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Japanese workers in US keep trip home in mind

YASUMASA KATSURA had two major concerns when he and his family moved to the United States two years ago. First, how to adapt to the American environment.

Second, how to maintain Japaneseness, especially in the case of his son, Yuki, who was then four years old.

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Mr. Katsura is an engineer, a supervisor in the quality-control department of Mazda's new assembly plant in Flat Rock, south of Detroit. He, his wife, Sumie, and their son, Yuki, live in the unpretentious suburban community of Gibraltar, just a five-minute drive from the Mazda plant.

Mr. Katsura's concerns are typical of Japanese families that have transplanted themselves into middle America along with the manufacturing or sales jobs that have brought them here. Internationalization is a buzzword in Japan today, and most families going abroad know that they should acclimate themselves to their new surroundings. They are sensitive to Japan's new status as supposedly the richest nation on earth, and have been told not to flaunt wealth or to bunch together in golden ghettos.

They also know that prolonged absence from cozy, insular Japanese society makes reintegration into that society difficult. One Japanese, long settled in the United States, said that many newer arrivals seem torn between the attraction of America's more open society and the umbilical cord that ties them to their home islands.

``If you don't speak English and don't have a driver's license, you will have problems,'' said Mrs. Masako Fuchida, whose husband, Keizo (nickname Kent), works at Diamond-Star Motor Corporation, a joint-venture between Chrysler and Mitsubishi.

But most younger, college-educated wives do have some knowledge of English, Mrs. Fuchida said. She herself had no trouble adapting herself to life in America, and her 18-month-old daughter, Yuiko, has helped her make friends naturally and easily with their neighbors.

The Fuchidas live in the pleasant university town of Normal, Ill., where Diamond-Star is situated. Mrs. Fuchida, an English major, hopes to take classes at Illinois State University as soon as her daughter is old enough to attend nursery school.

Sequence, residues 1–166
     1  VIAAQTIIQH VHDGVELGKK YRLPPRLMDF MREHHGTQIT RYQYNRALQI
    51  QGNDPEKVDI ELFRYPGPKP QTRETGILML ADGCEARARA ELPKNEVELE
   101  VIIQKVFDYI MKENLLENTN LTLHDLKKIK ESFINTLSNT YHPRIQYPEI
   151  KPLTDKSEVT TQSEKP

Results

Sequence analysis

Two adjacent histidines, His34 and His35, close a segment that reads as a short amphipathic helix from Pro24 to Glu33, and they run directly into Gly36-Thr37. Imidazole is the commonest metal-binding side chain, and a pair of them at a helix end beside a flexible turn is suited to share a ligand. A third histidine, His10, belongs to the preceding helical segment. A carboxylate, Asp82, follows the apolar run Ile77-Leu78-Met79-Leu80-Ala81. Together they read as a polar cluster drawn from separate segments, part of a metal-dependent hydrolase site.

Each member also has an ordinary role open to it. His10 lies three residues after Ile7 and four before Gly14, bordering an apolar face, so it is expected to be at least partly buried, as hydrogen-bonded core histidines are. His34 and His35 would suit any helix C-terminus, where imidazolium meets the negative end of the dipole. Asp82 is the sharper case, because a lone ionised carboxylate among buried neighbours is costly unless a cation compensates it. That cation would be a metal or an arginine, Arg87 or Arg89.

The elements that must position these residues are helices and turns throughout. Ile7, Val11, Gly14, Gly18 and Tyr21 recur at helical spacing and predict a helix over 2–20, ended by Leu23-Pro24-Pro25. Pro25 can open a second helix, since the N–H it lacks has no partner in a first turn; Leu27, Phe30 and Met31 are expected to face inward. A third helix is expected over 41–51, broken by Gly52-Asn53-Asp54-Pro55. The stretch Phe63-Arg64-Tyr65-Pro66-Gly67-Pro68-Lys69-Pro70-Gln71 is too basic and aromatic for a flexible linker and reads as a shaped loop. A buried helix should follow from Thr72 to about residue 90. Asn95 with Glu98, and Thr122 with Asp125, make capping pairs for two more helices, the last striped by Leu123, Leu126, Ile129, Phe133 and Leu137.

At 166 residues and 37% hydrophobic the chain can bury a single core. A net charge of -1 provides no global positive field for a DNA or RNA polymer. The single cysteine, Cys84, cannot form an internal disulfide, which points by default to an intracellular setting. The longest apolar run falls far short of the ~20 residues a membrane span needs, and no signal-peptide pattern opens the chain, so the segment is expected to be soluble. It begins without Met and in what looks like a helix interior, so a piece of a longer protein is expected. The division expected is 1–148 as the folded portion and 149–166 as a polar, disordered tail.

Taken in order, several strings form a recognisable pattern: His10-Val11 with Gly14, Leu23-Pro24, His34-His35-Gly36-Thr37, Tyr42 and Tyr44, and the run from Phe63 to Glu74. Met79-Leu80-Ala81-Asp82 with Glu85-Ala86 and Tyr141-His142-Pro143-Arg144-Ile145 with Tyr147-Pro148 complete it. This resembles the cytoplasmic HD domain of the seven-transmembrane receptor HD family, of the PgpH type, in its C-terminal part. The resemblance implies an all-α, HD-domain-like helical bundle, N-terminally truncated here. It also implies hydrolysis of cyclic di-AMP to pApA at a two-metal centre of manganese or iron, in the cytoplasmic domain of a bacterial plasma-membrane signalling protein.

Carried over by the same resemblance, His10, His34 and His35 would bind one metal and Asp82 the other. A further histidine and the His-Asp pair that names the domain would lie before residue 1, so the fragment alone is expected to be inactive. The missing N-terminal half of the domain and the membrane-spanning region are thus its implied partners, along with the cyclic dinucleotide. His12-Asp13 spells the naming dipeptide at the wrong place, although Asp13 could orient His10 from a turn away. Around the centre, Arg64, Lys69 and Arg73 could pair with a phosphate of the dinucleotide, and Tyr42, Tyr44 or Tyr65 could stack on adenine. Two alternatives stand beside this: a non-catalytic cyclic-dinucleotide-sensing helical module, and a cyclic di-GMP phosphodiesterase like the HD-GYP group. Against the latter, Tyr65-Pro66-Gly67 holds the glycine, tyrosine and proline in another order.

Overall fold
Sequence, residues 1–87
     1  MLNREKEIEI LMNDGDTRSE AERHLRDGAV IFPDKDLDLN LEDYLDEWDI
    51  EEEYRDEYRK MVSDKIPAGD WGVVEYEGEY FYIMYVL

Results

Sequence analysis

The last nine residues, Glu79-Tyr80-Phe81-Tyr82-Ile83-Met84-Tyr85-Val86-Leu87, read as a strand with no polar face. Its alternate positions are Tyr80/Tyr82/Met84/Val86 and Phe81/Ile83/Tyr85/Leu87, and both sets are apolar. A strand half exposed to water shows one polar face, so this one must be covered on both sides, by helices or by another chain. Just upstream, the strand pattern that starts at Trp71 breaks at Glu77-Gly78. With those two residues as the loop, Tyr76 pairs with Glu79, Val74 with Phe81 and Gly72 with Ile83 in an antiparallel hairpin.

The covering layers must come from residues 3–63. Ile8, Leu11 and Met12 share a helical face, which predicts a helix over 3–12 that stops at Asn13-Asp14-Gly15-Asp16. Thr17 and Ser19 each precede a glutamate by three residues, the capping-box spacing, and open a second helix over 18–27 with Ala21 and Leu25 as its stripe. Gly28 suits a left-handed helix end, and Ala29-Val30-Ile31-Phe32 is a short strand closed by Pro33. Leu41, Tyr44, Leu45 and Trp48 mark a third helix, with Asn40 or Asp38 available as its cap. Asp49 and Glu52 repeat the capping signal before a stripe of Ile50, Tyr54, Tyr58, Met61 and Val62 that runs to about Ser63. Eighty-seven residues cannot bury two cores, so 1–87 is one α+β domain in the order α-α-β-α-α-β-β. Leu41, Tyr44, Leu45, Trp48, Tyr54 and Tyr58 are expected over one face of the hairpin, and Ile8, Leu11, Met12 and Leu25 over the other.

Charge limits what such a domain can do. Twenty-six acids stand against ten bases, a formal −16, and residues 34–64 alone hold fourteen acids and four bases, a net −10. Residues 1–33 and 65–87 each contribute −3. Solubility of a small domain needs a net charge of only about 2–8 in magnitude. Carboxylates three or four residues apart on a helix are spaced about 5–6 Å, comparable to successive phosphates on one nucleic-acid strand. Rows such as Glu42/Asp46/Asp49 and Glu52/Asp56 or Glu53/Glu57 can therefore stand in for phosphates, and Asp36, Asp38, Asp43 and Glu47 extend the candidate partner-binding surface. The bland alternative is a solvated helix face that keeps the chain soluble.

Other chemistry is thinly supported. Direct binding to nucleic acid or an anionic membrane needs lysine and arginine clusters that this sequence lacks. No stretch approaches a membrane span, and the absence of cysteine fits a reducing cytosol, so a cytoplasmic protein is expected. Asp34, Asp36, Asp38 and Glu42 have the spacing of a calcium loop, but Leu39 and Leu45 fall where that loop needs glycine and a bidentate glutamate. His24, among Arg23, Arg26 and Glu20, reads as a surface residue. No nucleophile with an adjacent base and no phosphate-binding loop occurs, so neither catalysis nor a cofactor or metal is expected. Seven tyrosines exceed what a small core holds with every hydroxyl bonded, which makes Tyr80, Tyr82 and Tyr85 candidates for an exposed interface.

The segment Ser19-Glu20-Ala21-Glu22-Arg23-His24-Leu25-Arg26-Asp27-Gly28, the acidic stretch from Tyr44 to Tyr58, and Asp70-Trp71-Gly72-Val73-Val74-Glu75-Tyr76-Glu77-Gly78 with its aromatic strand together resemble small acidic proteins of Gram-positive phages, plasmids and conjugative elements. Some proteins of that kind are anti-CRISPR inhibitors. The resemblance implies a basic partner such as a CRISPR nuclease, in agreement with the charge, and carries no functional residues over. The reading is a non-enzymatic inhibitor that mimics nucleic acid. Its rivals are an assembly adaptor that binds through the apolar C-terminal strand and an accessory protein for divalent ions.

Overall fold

For the Katsuras, the main burden of preserving Japaneseness falls on their son. Yuki, a lively, mischievous six-year-old who seems to be perpetually bringing schoolmates home to play television games upstairs, has been attending Saturday Japanese classes since April this year.

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``We put Yuki in a nursery school as soon as we arrived the year before last,'' Mrs. Katsura said. ``He was the only Japanese in the school, and at first he was crying. But in a month he began to understand what was going on. If there had been other Japanese in the school, it might have taken him longer to speak English.''

Now Yuki is crying again, this time over having to go to Saturday classes. ``None of my other schoolmates have to go - why only me?'' he wails.

But if a child is to return eventually to the Japanese school system, and especially to prepare for the difficult university entrance examinations, he must keep up with the Japanese curriculum - not only language, but arithmetic and social studies and everything else.

``I have to take him all the way to Troy [north of Detroit] every Saturday. That's where the Japanese school is,'' said Mrs. Katsura. ``They told us there would be only about 10 minutes of homework every day, but it seems more like an hour. After all, we have to cram the whole week's curriculum into just one day.''

With older children, Mrs. Katsura said, both parents have to get involved in the homework. Even so, it is not easy for children returning to Japan to get into good high schools and universities. Because a prestigious university opens the door to prestigious career paths, parents are particularly sensitive about the education of their sons. In fact, said Hideo Kashima, who is helping to train American computer operators to use Japanese information systems at Mazda, few Mazda employees bring school-age sons to the United States. ``I would say that 80 percent of the Mazda children here are girls,'' said Mr. Kashima. His own two teen-agers are daughters, and he said he was quite satisfied with the education they were receiving in their American high schools.

``People say a lot of things about the quality of American high school education, but in our case I think the teachers are more interested in the students and take better care of them than they do in Japan,'' Mr. Kashima said. ``They ran special makeup classes in English, and within a year our children were having no difficulty, even though one spoke no English and the other very little when we arrived here.''

Mrs. Katsura said that she enjoys the lack of constraints in American society. In fact, the main constraint she feels is in dealing with fellow Mazda families, who ``tend to treat me as Mrs. Katsura - my husband's wife - rather than as an individual.''

Or, as Mrs. Fuchida put it, ``I really haven't had such difficulty adapting myself to American society. I'm more concerned about how, after four or five years here, we are going to reintegrate ourselves into Japanese society.''

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